But it's not only the South where NEPS have to skirt the law. Although city officials in San Diego authorized an NEP earlier this year, the Harm Reduction Center in suburban Encinitas still runs a large, technically illegal NEP in the city and surrounding areas of San Diego County, where officials refuse to take the steps necessary to authorize a legal NEP.
"There's no chance we're going away," said Brent Whitteker, the center's executive director. "We're exchanging 20,000 syringes a week, we're doing home deliveries -- which the city program cannot do -- we have lots of work everyday. We have about 1500 to 2000 participants annually, and through them we reach about 5-7,000 more," he told DRCNet. "But that's out of an estimated 23,000 injection drug users in the county."
Whitteker said the program would like to go legit, but would stay underground if it could not do the work it saw needed doing. "We would like a legal platform, but we cannot conform in San Diego unless they change their regulations," he said. "And there's so much more to it than just needles. The exchange only unlocks the door, it provides the opportunity to begin to show people how to protect themselves, how to get referrals and information about services, basically to assist them in using in a safe way so they can live a long, healthy life."
Community hostility and resistance to NEPs continue to flare up as well. Casa Segura was firebombed in Oakland last year, the Albuquerque city council moved against a local NEP earlier this year, and the "Peoria Needle Lady," nurse Beth Wehrman, has gotten a rather chilly reception in the heartland as well (http://www.drcnet.org/wol/236.html#peoria). It's not always so dramatic, but it is a recurring theme, said Purchase.
"Even the most well-established programs go through cycles with their communities," he said. "It's not about the science or the truth -- if it were, we wouldn't be having these fights -- but it's about politics, the war on drugs mythology and even some more malignant impulses. For some opponents, it's an educational process as well," said Purchase. "That's a slow process."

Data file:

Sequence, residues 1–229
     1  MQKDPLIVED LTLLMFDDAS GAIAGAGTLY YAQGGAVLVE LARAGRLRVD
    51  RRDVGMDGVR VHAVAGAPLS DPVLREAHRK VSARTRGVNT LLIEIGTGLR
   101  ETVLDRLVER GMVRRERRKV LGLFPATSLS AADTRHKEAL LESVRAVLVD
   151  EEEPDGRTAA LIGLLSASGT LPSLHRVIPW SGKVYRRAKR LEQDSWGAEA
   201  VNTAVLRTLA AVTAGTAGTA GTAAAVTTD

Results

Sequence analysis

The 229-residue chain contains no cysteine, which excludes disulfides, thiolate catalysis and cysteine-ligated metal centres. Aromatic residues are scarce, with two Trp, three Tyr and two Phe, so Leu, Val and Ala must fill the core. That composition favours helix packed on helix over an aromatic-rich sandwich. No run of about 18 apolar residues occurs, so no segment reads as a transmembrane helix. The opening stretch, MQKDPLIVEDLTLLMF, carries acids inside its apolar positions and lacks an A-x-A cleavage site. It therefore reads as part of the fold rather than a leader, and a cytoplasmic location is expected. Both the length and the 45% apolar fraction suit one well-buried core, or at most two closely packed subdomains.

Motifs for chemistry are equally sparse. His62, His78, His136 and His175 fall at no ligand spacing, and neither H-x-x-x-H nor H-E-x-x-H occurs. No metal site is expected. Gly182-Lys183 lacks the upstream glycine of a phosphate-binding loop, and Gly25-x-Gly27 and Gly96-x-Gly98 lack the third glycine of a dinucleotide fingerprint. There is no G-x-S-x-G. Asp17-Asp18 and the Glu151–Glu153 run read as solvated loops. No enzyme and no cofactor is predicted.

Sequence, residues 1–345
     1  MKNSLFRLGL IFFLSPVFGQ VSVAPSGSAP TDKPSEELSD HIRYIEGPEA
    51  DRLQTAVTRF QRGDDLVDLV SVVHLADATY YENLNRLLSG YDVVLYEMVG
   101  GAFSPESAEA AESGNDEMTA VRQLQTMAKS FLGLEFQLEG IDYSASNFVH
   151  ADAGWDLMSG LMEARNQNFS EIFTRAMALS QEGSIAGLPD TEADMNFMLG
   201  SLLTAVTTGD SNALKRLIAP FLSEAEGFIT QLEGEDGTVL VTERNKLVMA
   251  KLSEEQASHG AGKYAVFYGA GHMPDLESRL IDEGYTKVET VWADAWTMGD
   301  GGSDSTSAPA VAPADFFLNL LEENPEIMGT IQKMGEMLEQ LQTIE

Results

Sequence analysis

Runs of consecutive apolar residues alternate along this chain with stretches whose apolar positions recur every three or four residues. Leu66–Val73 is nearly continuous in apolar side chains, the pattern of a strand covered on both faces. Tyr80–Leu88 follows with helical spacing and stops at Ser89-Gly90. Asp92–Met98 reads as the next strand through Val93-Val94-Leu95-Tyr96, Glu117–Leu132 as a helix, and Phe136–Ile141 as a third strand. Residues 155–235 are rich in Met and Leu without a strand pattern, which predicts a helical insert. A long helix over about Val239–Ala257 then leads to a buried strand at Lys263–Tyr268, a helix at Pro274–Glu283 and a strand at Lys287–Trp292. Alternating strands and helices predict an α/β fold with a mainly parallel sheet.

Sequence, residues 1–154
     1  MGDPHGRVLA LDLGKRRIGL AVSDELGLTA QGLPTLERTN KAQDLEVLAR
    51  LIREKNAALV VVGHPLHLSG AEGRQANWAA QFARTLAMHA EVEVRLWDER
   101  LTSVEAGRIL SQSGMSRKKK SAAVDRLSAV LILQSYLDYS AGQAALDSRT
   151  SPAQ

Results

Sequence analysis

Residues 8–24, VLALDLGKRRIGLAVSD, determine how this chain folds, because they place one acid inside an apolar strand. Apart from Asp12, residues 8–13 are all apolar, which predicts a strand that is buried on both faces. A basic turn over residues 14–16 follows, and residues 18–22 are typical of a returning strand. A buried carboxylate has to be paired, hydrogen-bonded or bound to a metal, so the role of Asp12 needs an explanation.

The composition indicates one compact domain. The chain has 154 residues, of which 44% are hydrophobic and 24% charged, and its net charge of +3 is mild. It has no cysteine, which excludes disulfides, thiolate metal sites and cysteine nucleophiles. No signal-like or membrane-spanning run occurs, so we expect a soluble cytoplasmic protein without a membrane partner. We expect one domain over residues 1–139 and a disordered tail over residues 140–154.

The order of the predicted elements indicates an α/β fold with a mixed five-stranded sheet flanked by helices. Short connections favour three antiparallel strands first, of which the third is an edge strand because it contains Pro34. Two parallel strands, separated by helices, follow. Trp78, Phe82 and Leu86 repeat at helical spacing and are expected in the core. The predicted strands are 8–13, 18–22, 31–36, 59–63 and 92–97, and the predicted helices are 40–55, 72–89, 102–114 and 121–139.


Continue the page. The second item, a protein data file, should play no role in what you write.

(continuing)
The movement is starved for resources, said Purchase, and it needs more political support, but he pronounced himself at least partially satisfied with the current state of affairs. "We're not stalled and we've learned a lot, over that period we've managed to back up what was common sense then with science, and now there are over 200 programs," he said. "We've grown more knowledgeable about tailoring programs for a more diverse population. We've made progress with state and local officials."
But Grove pointed to yet another concern. "The model for NEPs has been to start small, gain public acceptance and then grow, but the evidence from the Beth Israel surveys doesn't support that," he said. "If they start small, they tend to stay small. It's great that the movement is spreading, but in many places that means if a key person goes, the program is in real trouble."
And for Purchase the overriding issue remains the same as when he first began working on AIDS prevention in the 1980s. "The unpleasant feeling is no different than it was years ago. Here we are trying to stop the epidemic transmission of blood borne pathogens in a population of millions, and we lack the resources to do it. For me, anger control is always an issue."